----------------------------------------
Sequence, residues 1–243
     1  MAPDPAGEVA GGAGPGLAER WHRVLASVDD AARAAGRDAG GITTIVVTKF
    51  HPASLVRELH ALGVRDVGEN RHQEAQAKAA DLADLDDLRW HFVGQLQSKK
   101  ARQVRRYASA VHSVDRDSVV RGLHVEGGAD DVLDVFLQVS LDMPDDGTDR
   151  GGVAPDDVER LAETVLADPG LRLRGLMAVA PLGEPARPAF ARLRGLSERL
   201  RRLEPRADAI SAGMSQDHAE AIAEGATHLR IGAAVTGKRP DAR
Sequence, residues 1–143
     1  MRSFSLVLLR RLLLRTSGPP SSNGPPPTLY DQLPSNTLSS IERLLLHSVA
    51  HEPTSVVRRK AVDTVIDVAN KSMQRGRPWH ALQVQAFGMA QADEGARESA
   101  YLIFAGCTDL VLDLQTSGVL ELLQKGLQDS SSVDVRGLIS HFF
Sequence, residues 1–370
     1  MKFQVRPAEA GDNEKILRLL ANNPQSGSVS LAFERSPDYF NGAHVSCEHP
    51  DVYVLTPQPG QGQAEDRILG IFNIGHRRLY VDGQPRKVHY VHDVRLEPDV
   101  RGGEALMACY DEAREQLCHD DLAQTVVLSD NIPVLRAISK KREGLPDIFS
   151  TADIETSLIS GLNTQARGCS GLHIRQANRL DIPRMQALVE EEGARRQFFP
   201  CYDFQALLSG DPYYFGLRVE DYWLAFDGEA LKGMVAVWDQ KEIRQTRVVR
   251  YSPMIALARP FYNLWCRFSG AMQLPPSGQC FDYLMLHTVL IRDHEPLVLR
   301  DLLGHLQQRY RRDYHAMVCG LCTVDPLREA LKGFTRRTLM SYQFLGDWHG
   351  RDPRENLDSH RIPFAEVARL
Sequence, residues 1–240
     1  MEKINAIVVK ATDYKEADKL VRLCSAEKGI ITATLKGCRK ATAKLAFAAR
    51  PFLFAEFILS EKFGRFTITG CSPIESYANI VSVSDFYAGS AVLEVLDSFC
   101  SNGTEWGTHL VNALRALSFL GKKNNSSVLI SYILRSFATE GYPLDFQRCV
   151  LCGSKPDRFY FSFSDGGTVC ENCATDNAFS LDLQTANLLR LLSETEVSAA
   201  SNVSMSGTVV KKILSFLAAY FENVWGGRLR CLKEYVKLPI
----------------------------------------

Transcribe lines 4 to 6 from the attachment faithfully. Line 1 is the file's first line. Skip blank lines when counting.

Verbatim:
   101  ARQVRRYASA VHSVDRDSVV RGLHVEGGAD DVLDVFLQVS LDMPDDGTDR
   151  GGVAPDDVER LAETVLADPG LRLRGLMAVA PLGEPARPAF ARLRGLSERL
   201  RRLEPRADAI SAGMSQDHAE AIAEGATHLR IGAAVTGKRP DAR